May 30, 2012 in City

Review: ‘How to Succeed in Business’ is a winner

By The Spokesman-Review
 
If you go

“How to Succeed in Business Without Really Trying,” reviewed Friday, continues through June 17 at Lake City Playhouse, 1320 E. Garden Ave., Coeur d’Alene. Tickets: (208) 667-1323 or www.lakecityplayhouse.org.

Zing plus mischief equals office politics a go-go in Lake City Playhouse’s production of “How to Succeed in Business Without Really Trying,” Frank Loesser’s award-winning comedic, musical satire of American big business in the 1960s.

The story centers on J. Pierrepont Finch, an ambitious window washer who – supplied with charm, wit, manipulation and a how-to book – swiftly climbs the World Wide Wicket Building’s corporate ladder.

Andy Renfrew directs the cast of kooky characters young Finch meets along his opportunistic way, while music director Carolyn Jess retains the pop fizz of Loesser’s punchy, bubbly score.

Conniving yet lovable, Jett Bingman makes a believable Finch, but brings far less animation and goofiness to the role than Robert Morse’s approach in the 1967 movie version.

He shares good chemistry with secretary and love interest Rosemary Pilkington. Emily Cleveland is effective in displaying Rosemary’s sweetness and unwavering devotion to Finch. And her chipper solos in “Happy to Keep His Dinner Warm” and “Paris Original” mirror a fresh-faced Barbara Parkins when she starred as Anne Wells in the cult flick “Valley of the Dolls.”

Kent Kimball gives a commendable performance as brusque World Wide Wicket boss, J.B. Biggley, as do Brooke Wood as Biggley’s flashy and nasally mistress (picture “Nanny” Fran Drescher) and Alex Eddy as Biggley’s geeky, bratty nephew, Bud Frump – who is lazy, yet feels entitled to a promotion.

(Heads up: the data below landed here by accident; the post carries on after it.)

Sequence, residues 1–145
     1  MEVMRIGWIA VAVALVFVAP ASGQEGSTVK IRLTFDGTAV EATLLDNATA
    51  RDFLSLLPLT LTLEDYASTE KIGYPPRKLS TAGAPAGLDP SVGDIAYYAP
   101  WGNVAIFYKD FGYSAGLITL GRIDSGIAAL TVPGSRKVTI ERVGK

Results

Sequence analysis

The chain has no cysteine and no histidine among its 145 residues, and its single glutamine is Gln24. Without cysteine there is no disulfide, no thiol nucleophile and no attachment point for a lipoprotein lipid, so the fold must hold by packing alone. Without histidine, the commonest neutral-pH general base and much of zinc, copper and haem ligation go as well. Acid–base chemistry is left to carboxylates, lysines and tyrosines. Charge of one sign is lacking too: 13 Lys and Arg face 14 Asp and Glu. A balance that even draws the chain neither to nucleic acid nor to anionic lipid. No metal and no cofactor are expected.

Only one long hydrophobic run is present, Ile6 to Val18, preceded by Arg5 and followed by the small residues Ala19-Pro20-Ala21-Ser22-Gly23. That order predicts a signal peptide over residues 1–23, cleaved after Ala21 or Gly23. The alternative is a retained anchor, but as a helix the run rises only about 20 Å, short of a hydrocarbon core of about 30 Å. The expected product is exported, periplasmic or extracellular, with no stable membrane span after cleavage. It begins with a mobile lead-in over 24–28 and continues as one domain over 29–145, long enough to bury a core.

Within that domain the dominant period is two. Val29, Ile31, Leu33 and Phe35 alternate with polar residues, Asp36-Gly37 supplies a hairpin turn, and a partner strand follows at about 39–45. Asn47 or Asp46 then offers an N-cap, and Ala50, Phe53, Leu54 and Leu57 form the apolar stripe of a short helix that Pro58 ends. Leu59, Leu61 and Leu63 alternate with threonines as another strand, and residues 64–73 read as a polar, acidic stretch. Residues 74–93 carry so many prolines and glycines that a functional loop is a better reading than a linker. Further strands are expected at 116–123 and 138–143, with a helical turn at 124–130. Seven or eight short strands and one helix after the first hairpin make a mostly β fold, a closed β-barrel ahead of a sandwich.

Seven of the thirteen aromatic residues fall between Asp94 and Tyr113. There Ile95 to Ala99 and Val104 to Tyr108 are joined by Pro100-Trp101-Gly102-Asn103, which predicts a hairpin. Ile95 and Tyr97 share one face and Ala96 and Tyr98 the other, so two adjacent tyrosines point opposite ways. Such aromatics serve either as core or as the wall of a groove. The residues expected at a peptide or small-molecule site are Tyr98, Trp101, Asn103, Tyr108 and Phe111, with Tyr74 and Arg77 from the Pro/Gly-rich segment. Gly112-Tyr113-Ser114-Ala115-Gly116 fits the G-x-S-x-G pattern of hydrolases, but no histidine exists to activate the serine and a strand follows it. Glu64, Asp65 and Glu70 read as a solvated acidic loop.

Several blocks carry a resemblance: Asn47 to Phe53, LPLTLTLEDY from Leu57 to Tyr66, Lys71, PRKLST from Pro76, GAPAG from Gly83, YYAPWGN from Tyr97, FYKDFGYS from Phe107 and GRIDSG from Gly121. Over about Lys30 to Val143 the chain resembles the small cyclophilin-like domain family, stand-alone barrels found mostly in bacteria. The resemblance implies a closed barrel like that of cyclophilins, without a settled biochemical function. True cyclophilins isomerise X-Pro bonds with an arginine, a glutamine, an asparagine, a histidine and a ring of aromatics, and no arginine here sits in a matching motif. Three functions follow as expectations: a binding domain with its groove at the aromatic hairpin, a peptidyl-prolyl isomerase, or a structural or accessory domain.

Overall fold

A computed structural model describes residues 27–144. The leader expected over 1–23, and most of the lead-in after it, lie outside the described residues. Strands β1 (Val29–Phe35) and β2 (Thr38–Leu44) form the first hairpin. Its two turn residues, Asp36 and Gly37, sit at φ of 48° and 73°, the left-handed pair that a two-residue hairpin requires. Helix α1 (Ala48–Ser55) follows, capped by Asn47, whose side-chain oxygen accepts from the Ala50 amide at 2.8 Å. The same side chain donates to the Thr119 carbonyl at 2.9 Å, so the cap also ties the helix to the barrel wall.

The theater’s support team, including set designers George Green and Dan Heggem, makes the most of its small space by incorporating a simple, pastel mod backdrop, stackable wooden blocks and wheeled office furniture. This setup worked for the most part, though the addition of more and larger props would have added more “umph” to certain scenes in Act I.

Ali Wade’s choreography is mostly pleasing despite some actors’ occasional missteps and an unnecessary tap routine in “Cinderella Darling” – a prissy, fluttery number better delivered sans clunky tap shoes. Wade’s creativity shines in “Coffee Break,” with its ensemble (led by Alyssa Maurer as Smitty) of slumped over, lethargic office zombies in dire need of coffee – and in the rousing fight song “Grand Old Ivy,” as the ensemble, posed as revved-up football players, pulls off an impressive group push-up.

The show finishes strong with the gospel-sounding “Brotherhood of Man.”

Friday’s audience reveled in Laticia Widman’s side-splitting portrayal of Biggley’s rigid secretary, Miss Jones, who finally lets loose by wildly gyrating and wailing like a horn-helmeted opera singer.


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